Which one would be correct?

  1. I wish it weren't raining today.
  2. I wish it wasn't raining today.
  3. I wish it were raining today.
  4. I wish it was raining today.

3 Answers 3


The fact that you wish something was or wasn't true means you should use the indicative. You are stating that something is factually one way or another, and wishing for the situation to be reversed. So "I wish it wasn't raining today" and "I wish it was raining today" are how to express those concepts.

If you were trying to imply something contrary to fact, then were would be the way to go.

If I were you, I wouldn't be wishing it wasn't raining: rain is good for your garden.

Edit: Because Stan Rogers, whose opinion I respect, has weighed in with the polar opposite viewpoint from mine, I feel obliged to elaborate.

Morton S. Freeman, writing in A Treasury for Word Lovers, elaborates on a parallel idea using if clauses:

Some people have a mistaken belief that a clause beginning with if must always be in the subjunctive mood, reflecting doubtful fulfillment of the condition or a condition contrary to fact. This is not so. A clause introduced by if may express a simple condition relating to the past and take the indicative form of the verb. For example, in "If Allan was there, he was drunk," the if clause introduces a supposition, hence a verb in the indicative mood. And so with the sentences "If Curran was absent, he was probably out of town" and "If I was long-winded, I'm sorry." None of the examples imply doubt or suggest circumstance contrary to fact, as in "If I were President, I wouldn't pardon him." [Emphasis added.]

I think you can see the parallel here. Far from indicating a circumstance contrary to fact, the "I wish" construction is lamenting an actual fact. So subjunctive mood is not called for.

  • 1
    Is this right? I always thought the traditional “rule” was to use the subjunctive with ‘wish’. I can’t quickly find anything authoritative on this online, but certainly plenty of other people seem to believe the same thing. In any case, both forms seem very widely used.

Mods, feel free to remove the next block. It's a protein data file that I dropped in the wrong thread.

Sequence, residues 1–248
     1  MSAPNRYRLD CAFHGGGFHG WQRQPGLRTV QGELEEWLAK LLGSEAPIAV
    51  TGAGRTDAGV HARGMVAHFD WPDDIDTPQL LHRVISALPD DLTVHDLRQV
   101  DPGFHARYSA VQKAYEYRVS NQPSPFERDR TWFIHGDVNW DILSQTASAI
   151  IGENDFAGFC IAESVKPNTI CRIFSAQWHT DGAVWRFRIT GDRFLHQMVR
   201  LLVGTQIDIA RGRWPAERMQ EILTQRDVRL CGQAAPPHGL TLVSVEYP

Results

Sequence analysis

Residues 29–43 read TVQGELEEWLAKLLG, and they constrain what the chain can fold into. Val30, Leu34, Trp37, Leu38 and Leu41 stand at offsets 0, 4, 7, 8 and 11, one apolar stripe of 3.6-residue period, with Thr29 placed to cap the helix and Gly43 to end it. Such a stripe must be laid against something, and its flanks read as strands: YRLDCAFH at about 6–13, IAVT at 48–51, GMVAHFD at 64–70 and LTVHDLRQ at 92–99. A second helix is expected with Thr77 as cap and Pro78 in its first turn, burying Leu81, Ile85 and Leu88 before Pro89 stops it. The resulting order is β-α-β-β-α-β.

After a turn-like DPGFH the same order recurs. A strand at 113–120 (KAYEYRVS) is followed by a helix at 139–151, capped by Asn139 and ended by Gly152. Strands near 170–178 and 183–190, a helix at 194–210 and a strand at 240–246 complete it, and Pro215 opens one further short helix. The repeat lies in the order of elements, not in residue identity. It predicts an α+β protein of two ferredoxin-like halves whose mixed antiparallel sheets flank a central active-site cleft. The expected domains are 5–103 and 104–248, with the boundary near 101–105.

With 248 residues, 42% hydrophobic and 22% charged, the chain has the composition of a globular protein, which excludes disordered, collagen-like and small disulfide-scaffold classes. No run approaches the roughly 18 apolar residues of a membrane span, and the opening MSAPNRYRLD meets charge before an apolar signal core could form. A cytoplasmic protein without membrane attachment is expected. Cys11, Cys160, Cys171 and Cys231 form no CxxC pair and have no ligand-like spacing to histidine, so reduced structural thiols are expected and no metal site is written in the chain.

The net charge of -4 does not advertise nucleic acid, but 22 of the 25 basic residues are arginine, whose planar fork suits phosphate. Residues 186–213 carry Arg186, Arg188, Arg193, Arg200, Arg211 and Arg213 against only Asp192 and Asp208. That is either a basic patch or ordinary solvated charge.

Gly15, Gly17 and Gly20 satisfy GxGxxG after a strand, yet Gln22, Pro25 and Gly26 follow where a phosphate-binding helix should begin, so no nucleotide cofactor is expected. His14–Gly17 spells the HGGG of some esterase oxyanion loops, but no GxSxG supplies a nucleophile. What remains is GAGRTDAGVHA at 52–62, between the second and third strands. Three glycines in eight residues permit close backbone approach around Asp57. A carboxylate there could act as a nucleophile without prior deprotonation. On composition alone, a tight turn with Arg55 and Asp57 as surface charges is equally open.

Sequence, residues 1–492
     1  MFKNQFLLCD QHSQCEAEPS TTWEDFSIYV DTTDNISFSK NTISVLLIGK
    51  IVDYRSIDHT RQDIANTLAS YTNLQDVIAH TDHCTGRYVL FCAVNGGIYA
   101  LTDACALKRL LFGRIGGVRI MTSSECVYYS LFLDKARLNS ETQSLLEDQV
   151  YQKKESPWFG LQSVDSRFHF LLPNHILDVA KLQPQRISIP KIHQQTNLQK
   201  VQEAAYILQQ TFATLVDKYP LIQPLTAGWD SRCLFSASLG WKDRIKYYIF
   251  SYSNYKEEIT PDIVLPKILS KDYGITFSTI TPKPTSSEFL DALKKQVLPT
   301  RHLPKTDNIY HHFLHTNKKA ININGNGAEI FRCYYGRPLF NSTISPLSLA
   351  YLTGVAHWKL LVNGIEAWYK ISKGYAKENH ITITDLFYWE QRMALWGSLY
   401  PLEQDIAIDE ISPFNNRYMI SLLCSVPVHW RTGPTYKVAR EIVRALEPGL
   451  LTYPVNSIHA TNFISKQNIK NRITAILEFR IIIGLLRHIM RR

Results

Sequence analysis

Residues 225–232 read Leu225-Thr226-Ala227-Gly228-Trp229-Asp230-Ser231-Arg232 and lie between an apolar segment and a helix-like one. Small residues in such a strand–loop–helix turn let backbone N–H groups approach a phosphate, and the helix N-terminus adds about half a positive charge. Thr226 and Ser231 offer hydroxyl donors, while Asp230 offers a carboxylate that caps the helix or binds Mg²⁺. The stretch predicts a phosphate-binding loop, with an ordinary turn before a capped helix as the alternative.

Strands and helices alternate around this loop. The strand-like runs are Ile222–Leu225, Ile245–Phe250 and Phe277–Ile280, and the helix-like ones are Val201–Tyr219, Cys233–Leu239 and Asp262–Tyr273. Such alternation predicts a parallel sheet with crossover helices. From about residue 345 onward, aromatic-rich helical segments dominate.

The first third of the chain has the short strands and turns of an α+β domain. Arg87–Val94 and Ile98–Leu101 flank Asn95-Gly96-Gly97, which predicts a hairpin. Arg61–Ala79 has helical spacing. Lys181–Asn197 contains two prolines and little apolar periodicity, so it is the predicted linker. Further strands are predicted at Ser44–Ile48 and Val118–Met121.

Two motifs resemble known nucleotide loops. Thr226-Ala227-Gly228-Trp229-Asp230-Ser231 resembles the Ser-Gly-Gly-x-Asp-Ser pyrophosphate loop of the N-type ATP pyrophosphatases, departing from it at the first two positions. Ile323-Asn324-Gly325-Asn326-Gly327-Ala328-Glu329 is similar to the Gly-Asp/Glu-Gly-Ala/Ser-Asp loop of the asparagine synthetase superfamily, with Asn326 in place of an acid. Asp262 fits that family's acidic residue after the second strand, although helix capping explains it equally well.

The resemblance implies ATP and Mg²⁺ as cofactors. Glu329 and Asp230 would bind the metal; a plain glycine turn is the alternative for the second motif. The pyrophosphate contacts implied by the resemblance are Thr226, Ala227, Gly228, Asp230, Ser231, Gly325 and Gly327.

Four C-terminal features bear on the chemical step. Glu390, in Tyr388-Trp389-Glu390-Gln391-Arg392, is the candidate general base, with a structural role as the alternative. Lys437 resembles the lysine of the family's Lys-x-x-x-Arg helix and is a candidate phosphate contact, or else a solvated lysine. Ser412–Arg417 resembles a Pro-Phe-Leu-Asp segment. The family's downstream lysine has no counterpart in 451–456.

– PLL
    Feb 21, 2011 at 3:55
  • @PLL: I just supplied an addendum that I think sheds light on this. The citation talks about if clauses, but the point is the same for the same reasons.
    – Robusto
    Feb 21, 2011 at 4:10
  • 1
    I was always taught that wishes are part of a universe that is not. In any case, I've added a link to the Wikipedia entry for the English subjunctive to my answer. I may be wrong, but at least I have company :o) -- and there is good argument for believing the subjunctive to be largely deprecated in current English.
    – bye
    Feb 21, 2011 at 4:36
  • @Robusto: I guess I’m just not quite convinced that “the subjunctive is used for doubt and counterfactuals” has ever been a real rule of English grammar, rather than just a valiant post-facto attempt to rationalise the motley collection of situations in which we retain the subjunctive.
    – PLL
    Feb 21, 2011 at 5:46
  • @Stan Rogers: agreed with you re wishing in the subjunctives; but on the other hand, I think rumours of the its death are greatly exaggerated — “largely deprecated” seems to me to be overstating things. There are no or very few situations in which it’s compulsory these days, but it’s still perfectly widely used, as COHA shows (see my answer).
    – PLL
    Feb 21, 2011 at 5:49

Were and weren't are correct (and the subjunctive mood is weird). When you express a wish, the past subjunctive is the correct tense and mood. [Link added -- I did say the subjunctive is weird.]


Both forms are fine.

I wish it was…

I wish it were…

The traditional formal line on this is unclear. I’d always understood that the subjunctive, were, is the correct mood to use with wish; and Wikipedia, various other online sources, and Stan Rogers agree. However, Robusto disagrees articulately… so until someone finds what a serious authoritative modern grammar says on this, it seems open.

However, either form is undoubtedly acceptable — and indeed, this has been the case for at least two centuries. Comparing I wish I was and I wish I were in COHA shows that their relative popularities have fluctuated — was was the commoner through the 19th century and is again in recent decades, while were predominated in the early/mid 20th century — but that the difference between the two has never been overwhelming either way. For the 2000’s, COHA shows I wish I was to be roughly twice as frequent as I wish I were. (Comparing I wish it was and I wish it were shows similar fluctuations, but with a rather smaller sample size, so the trends are less clear.)

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